Dr. Kendi said in an interview that he made “the painful decision” to reduce the program’s size and mission in an effort to guarantee its future, even though the center is currently financially healthy. The university said Friday that the center has raised nearly $55 million and its endowment contains about $30 million, with an additional $17.5 million held in reserves.
The bulk of the donations came from pledges made during the first year, and the university reported $5.4 million in cash and pledge payments in the most recent fiscal year.
Despite the university’s statement that it would look into the center’s management, the university’s interim president, Kenneth Freeman, on Thursday voiced strong support for Dr. Kendi, saying the professor had come to the university early in the summer with his idea for the reorganized center.
“We continue to have confidence in Dr. Kendi’s vision and we support it,” Mr. Freeman said.
But several former staff and faculty members, expressing anger and bitterness, said the cause of the center’s problems were unrealistic expectations fueled by the rapid infusion of money, initial excitement, and pressure to produce too much, too fast, even as there were hiring delays due to the pandemic. Others blamed Dr. Kendi, himself, for what they described as an imperious leadership style. And they questioned both the center’s stewardship of grants and its productivity.
“Commensurate to the amount of cash and donations taken in, the outputs were minuscule,” said Saida U. Grundy, a Boston University sociology professor and feminist scholar who was once affiliated with the center.
The turmoil comes as Dr. Kendi’s work continues to face attacks from the outside. In his books he contends that there’s no middle ground on race — everyone is either racist or actively antiracist. And he suggests that all disparities in Black outcomes and achievements are because of racism. That has ignited criticism from conservatives, ranging from some Black intellectuals to Republican-led state governments, which have banned his books from their classrooms and libraries.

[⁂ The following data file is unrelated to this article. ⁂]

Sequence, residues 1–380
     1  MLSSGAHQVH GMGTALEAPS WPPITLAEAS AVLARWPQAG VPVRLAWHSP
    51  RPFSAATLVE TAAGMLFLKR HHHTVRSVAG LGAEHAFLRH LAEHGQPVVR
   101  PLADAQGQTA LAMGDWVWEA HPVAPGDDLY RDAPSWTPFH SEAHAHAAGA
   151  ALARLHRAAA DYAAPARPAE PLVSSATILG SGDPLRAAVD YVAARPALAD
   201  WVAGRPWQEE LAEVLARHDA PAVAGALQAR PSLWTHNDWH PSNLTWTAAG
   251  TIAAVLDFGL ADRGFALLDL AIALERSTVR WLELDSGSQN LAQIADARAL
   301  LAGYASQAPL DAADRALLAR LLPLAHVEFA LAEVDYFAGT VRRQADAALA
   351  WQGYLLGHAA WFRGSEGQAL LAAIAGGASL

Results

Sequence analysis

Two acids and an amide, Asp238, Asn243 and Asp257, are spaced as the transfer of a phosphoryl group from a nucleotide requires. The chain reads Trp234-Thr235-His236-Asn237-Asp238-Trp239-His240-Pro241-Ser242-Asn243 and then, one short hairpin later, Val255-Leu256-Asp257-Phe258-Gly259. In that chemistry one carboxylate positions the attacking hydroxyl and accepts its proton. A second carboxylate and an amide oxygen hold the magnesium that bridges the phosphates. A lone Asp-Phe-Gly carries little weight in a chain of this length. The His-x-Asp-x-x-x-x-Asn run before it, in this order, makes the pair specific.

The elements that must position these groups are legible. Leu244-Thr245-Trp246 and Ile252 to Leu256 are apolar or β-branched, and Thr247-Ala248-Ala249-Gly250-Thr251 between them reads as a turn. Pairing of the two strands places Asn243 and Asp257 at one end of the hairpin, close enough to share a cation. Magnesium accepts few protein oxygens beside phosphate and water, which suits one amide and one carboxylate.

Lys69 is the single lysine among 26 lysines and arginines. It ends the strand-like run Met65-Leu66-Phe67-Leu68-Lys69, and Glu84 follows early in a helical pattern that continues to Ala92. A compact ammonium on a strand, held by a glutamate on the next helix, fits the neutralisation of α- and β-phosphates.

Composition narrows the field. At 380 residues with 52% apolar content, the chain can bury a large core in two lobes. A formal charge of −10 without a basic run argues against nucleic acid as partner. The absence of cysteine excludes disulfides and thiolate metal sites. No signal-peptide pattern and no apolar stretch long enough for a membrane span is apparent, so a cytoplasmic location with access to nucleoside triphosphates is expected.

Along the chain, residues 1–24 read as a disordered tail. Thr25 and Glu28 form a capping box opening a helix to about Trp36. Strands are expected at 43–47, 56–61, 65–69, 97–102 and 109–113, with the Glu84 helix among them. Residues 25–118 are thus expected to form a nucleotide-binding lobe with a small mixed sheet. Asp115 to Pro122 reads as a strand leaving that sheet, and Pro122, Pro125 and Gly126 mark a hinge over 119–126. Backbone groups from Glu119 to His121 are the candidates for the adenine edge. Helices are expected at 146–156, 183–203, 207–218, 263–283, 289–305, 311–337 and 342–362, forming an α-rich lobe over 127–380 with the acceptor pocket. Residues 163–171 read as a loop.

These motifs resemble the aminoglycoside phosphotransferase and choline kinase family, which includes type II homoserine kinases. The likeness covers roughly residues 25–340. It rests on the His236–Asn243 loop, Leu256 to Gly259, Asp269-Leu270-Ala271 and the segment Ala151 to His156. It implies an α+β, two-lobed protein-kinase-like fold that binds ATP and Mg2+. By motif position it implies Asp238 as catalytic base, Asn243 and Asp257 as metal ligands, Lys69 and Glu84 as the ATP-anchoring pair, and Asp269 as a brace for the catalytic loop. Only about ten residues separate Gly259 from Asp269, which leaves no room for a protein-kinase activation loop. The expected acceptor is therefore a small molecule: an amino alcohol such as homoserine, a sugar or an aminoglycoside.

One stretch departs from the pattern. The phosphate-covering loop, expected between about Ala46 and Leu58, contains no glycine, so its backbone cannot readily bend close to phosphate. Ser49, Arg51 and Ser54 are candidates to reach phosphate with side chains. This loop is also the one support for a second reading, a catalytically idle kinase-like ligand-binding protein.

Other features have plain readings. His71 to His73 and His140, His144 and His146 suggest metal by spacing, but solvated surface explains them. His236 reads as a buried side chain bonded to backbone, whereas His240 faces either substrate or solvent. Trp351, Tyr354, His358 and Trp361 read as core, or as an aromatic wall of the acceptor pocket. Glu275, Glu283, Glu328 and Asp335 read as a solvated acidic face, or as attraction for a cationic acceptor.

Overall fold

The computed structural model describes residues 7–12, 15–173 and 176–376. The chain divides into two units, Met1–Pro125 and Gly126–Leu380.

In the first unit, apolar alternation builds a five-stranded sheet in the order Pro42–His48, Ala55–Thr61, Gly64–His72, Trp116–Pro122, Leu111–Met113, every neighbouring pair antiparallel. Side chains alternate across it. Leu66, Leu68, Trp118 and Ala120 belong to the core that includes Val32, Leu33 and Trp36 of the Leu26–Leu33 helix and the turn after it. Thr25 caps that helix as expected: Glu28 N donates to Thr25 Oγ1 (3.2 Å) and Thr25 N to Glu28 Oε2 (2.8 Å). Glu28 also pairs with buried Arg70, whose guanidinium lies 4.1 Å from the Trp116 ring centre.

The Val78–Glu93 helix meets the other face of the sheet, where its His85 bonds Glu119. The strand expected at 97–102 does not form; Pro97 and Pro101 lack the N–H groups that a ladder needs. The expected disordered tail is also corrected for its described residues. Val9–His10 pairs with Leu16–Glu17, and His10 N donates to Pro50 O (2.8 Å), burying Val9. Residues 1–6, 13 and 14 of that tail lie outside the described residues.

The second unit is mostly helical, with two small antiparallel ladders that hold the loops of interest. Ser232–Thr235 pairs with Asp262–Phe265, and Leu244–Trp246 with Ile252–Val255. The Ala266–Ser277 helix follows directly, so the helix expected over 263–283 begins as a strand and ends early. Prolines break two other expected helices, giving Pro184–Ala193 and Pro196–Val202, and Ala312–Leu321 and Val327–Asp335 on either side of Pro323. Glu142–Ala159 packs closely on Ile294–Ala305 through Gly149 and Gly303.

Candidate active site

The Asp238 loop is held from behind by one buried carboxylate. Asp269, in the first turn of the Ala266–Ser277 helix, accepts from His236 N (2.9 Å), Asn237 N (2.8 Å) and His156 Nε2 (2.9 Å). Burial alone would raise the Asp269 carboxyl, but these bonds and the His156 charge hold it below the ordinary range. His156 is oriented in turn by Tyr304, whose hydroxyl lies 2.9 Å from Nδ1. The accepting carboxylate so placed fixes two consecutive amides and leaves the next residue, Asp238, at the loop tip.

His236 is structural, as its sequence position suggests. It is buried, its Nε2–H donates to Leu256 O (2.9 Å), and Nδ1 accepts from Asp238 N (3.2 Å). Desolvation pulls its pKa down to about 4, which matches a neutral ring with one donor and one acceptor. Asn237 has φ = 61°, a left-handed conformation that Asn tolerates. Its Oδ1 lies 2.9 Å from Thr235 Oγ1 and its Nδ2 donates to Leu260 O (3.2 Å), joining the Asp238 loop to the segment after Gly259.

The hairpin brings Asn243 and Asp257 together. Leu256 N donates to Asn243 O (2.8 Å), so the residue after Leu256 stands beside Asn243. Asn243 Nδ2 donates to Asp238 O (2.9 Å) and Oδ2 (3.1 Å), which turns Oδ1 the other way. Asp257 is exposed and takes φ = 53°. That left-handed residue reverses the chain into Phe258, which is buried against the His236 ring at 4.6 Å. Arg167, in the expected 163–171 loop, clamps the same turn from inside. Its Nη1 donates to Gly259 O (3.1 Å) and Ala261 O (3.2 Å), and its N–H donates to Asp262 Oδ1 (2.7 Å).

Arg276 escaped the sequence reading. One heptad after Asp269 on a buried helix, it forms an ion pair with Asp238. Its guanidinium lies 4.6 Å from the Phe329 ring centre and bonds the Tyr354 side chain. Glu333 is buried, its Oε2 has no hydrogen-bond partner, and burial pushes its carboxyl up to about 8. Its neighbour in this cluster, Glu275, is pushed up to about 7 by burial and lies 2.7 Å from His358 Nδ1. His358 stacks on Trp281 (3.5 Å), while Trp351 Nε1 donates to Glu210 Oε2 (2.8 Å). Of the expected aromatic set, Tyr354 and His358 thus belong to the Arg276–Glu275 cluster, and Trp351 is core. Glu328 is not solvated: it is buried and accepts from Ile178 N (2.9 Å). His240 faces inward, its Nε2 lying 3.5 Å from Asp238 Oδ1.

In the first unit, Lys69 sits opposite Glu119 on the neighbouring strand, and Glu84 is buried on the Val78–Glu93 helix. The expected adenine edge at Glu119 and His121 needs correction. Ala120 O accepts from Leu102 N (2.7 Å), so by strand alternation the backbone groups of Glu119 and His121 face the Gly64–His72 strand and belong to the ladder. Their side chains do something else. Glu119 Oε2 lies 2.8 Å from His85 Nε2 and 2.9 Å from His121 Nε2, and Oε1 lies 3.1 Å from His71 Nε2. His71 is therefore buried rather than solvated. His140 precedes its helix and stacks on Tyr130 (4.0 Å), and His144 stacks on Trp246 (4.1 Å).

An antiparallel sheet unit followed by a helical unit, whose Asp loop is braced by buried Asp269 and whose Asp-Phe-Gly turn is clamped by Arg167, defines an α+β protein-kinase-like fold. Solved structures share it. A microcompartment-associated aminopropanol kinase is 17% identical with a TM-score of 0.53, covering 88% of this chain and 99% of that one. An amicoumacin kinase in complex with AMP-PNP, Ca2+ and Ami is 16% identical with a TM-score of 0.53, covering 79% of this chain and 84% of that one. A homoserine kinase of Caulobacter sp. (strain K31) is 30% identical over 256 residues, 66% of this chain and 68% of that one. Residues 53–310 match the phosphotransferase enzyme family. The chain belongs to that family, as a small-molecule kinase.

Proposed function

Dr. Kendi acknowledged that the fund-raising environment for the center “isn’t like it was in 2020 when it was the popular thing to do.” But he added that the center still has committed funders.
And calling the changes in the center a “major pivot,” he said, “I really had to ensure that 20 years from now, 50 years from now, 100 years from now, the center will be around.”
The center’s new model, Dr. Kendi said, will be the first of its kind, a fellowship program for antiracist intellectuals who will be in residence at the university for nine months, participating in public events while conducting their own research.
Dr. Kendi was a professor at the University of Florida in 2016 when his book, “Stamped From the Beginning,” a history of racist thought in America, was a surprise National Book Award winner. A subsequent book, “How to Be an Antiracist,” became a best seller in 2019.
As much a public influencer as a scholar, Dr. Kendi became a flashpoint in the culture wars with his idea that to be an antiracist, one must first acknowledge being a racist.
Dr. Kendi came to Boston at both an opportune time — in the middle of the 2020 racial reckoning — and a challenging one — the early months of the Covid pandemic.
Acknowledging a difficult start-up in the midst of the pandemic — along with some conflicts among staff members who had strong and divergent ideas for the center’s focus — Dr. Kendi said he was proud of the center’s work so far.
The center says its key initiatives and accomplishments include The Emancipator; its National Antiracist Book Festivals; policy conferences on bigotry and racial classifications; 10 amicus briefs filed in racial-justice lawsuits and an antiracist technology initiative.
Even as the cutbacks were announced, the center was preparing this weekend for a meeting of 60 journalists who cover race. From the outside, though, the center’s operations appeared to be struggling. Portions of its website had been taken down.